The foes writhed as electric currents sparked through their beings. In a final burst of light, the bolt ceased and the three Gorginoths collapsed to the ground in smoking heaps. The girl fell on her back, unconscious, and also slightly smoking.
‘Just great… I electrocuted her. Good thing I can heal.’
He walked over to the girl, feeling stupid, and placed his hands on her arm. “Ditiri.” Blue tendrils snaked from his fingertips, sinking into her skin.
Flight floated above her head, blinking white and yellow slowly. “She’s pretty,” it spelled in the air.
Draden turned his eyes up to her face. Her nose was slender and non-obtrusive, her eyebrows thin and curved over her fluttering, mahogany eyelashes. Her lips were also slender and slightly parted. Her hair was a deep brown, lying in a fluffy pillow under and around her head.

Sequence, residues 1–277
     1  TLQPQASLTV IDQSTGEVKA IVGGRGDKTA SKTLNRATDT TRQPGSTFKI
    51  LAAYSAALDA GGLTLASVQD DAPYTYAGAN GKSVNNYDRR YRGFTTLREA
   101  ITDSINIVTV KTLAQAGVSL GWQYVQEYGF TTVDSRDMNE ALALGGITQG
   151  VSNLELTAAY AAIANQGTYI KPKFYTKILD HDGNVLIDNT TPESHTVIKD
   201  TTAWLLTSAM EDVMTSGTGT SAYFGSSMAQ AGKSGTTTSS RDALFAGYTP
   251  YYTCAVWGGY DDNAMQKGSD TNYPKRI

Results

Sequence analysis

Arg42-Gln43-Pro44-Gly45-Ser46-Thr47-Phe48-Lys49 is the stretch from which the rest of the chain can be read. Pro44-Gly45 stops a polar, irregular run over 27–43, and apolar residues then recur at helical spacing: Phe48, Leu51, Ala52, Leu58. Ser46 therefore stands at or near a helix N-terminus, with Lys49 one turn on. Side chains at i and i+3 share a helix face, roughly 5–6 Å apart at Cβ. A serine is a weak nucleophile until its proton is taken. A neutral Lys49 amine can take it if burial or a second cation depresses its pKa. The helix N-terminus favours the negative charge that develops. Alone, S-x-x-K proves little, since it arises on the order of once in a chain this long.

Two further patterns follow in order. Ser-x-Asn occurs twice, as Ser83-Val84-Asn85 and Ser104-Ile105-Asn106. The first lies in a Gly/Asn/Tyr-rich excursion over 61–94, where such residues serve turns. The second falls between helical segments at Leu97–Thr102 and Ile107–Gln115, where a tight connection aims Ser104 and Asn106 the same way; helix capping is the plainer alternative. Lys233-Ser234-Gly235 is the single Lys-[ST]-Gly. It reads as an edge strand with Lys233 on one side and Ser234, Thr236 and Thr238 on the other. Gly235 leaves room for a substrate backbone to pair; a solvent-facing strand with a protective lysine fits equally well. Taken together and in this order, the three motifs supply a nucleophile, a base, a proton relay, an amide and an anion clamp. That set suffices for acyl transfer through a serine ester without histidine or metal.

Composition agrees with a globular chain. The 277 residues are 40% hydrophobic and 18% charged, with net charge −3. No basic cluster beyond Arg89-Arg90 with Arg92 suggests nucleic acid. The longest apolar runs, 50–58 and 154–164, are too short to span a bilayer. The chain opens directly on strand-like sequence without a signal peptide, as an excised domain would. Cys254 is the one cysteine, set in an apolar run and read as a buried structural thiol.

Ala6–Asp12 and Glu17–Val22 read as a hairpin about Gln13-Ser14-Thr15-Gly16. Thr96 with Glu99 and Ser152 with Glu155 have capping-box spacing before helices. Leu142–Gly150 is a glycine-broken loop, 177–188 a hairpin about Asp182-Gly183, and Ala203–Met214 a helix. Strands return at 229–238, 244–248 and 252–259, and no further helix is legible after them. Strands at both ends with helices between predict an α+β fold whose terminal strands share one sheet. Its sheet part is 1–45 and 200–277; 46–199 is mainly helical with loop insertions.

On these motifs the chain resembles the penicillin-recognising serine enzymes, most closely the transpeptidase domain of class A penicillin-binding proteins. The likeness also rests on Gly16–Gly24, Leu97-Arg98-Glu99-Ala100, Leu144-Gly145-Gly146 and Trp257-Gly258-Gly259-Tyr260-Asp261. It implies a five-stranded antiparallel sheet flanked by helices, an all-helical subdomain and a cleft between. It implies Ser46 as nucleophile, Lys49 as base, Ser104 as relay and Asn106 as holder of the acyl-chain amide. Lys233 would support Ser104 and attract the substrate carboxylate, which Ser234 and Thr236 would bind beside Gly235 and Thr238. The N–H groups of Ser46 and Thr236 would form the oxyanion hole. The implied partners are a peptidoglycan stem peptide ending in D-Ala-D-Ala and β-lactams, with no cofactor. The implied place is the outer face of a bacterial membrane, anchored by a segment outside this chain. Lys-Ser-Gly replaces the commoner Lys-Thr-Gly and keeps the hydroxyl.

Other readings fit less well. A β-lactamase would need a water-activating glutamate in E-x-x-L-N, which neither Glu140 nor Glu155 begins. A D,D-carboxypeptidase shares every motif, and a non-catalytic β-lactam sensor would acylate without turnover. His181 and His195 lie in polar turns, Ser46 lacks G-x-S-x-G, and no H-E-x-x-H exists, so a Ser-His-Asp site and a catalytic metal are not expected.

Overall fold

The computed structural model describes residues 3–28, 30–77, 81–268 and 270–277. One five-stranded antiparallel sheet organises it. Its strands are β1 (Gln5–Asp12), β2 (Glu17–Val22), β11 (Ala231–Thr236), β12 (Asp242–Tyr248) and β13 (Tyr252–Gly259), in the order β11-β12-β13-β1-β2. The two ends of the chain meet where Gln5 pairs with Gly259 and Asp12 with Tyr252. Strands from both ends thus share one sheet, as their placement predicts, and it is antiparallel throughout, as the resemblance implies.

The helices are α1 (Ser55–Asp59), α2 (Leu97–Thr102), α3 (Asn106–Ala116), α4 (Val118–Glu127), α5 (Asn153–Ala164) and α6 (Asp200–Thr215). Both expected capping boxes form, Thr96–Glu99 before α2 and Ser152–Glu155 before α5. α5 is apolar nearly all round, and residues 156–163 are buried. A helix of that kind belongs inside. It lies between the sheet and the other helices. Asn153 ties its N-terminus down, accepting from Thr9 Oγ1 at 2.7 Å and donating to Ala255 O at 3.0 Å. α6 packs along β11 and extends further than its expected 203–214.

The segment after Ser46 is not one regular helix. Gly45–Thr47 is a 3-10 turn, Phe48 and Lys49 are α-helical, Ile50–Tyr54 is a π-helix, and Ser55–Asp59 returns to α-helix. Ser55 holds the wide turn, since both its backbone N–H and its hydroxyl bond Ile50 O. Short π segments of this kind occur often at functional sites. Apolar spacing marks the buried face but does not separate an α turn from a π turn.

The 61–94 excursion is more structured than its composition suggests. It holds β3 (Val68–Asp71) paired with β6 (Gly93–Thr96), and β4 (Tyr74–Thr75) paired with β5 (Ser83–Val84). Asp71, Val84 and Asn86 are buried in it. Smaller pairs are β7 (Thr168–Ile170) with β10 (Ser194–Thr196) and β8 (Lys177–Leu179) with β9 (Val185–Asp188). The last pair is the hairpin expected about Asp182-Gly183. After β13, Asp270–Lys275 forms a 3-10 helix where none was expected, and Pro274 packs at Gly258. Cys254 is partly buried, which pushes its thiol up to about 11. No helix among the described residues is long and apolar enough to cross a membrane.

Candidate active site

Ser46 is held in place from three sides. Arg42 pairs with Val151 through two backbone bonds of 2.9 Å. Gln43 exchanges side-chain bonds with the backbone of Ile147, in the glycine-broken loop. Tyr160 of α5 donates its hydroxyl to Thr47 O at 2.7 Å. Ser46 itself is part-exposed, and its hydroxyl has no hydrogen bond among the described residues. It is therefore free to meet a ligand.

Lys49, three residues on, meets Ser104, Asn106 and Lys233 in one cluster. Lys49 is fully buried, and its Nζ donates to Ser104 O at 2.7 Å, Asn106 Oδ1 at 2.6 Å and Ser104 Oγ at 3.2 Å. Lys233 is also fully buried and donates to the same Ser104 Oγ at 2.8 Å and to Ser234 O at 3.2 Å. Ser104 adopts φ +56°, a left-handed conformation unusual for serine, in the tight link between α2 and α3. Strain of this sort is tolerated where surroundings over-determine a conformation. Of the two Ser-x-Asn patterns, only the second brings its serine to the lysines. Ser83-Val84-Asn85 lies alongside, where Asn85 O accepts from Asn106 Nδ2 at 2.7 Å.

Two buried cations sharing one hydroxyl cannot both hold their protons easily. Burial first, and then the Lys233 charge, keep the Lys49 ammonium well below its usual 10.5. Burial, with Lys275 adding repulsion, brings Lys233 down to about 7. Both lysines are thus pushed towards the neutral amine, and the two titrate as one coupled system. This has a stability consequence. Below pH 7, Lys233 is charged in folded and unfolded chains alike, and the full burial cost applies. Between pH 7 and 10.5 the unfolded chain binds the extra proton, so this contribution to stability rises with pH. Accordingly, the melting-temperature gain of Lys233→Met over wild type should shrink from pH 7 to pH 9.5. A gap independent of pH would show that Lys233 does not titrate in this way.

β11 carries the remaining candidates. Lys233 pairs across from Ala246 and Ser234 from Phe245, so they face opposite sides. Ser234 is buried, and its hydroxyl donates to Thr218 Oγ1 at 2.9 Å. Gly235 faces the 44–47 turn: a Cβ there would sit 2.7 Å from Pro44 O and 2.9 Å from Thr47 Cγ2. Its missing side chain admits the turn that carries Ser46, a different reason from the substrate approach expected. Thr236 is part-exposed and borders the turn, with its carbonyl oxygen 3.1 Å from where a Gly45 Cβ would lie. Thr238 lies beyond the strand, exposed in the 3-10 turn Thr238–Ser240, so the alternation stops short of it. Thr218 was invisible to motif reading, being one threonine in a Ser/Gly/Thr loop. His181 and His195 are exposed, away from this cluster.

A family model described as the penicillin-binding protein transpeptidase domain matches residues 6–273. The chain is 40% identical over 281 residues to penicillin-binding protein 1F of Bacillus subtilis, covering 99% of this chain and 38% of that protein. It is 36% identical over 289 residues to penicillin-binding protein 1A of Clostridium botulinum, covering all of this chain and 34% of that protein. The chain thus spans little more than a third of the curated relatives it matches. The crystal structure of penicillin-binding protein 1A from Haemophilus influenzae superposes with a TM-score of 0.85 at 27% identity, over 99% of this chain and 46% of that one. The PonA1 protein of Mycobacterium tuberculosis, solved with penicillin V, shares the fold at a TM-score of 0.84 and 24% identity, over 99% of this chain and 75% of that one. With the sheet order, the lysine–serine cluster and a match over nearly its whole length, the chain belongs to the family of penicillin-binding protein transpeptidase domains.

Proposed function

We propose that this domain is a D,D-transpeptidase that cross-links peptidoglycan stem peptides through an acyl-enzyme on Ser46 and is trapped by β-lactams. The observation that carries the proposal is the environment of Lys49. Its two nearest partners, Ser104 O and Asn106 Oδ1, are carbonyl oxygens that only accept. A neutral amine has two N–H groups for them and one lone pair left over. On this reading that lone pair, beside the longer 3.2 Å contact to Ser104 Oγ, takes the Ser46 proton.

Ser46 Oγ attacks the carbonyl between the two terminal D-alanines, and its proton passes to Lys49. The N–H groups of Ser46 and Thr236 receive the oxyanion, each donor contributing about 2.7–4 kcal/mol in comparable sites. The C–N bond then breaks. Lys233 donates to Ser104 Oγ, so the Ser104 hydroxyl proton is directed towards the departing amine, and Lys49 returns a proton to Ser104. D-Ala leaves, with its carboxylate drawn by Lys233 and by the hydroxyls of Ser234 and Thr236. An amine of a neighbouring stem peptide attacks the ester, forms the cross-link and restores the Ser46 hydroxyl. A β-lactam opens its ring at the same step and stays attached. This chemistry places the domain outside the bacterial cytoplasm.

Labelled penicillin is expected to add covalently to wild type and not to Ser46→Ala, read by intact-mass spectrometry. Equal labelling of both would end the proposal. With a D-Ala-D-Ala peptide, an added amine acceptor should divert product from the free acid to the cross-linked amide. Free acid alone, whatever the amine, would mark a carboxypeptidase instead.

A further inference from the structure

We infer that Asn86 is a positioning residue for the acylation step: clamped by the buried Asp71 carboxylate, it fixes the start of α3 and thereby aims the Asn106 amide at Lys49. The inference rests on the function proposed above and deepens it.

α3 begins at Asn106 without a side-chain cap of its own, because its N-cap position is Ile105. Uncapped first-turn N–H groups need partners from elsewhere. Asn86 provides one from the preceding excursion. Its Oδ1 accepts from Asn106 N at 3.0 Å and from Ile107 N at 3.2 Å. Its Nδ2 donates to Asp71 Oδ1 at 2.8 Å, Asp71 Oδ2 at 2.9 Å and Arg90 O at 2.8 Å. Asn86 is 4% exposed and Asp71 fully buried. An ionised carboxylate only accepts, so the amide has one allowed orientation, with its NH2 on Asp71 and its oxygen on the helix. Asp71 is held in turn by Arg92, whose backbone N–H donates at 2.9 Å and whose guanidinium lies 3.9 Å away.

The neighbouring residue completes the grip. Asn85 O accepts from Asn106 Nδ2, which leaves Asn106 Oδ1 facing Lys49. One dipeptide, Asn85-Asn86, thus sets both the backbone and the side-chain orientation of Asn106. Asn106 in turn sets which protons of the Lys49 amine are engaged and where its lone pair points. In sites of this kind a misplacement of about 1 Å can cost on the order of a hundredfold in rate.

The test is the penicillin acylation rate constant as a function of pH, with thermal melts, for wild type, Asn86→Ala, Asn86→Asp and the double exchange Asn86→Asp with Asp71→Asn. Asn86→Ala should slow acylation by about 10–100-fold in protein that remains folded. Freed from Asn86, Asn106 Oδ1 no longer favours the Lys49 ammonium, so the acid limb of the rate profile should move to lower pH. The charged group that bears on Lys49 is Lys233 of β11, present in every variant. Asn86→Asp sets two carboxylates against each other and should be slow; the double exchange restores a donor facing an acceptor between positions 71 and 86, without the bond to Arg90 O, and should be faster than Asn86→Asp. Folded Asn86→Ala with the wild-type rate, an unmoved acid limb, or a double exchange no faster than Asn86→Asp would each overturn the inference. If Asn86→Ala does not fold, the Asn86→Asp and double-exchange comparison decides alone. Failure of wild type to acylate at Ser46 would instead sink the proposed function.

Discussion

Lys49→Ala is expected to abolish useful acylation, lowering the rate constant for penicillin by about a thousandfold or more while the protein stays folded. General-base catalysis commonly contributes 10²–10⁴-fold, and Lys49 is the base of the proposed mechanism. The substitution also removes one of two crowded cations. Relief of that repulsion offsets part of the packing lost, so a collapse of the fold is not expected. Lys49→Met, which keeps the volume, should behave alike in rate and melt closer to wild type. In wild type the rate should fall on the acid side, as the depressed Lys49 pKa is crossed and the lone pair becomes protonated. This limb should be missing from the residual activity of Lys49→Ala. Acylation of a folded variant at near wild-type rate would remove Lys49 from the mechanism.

’She is beautiful. I mean... pretty…’ he thought shyly.
Underneath his fingers, the blue tendrils ceased, and the girl’s eyes blinked open.
She instantly let out a blood-curdling scream, and flight resumed his position of pulsing silently behind Draden.
“Get your hands off me!” she yelled, roughly pushing him away and crawling backwards.
Not expecting this reaction at all, Draden stuttered, “I-it’s okay. I’m h-here to help you.”
The girl seemed to calm down-slightly-at this, but she still eyed him with distrust.
Flight appeared briefly over Draden’s shoulder, then zoomed back out of sight.
“I’m Draden,” he said calmly. “We need to get moving before more of those things come. You may not trust me, but if you don’t want to meet any more of them then come with me.
She slowly stood up, shivering, and warily eyed Draden.
Flight zoomed out from behind Draden, floating to a bobbing stop in front of the girl.
“That’s Flight,” Draden chuckled. “He’s a light orb, and he’s harmless.”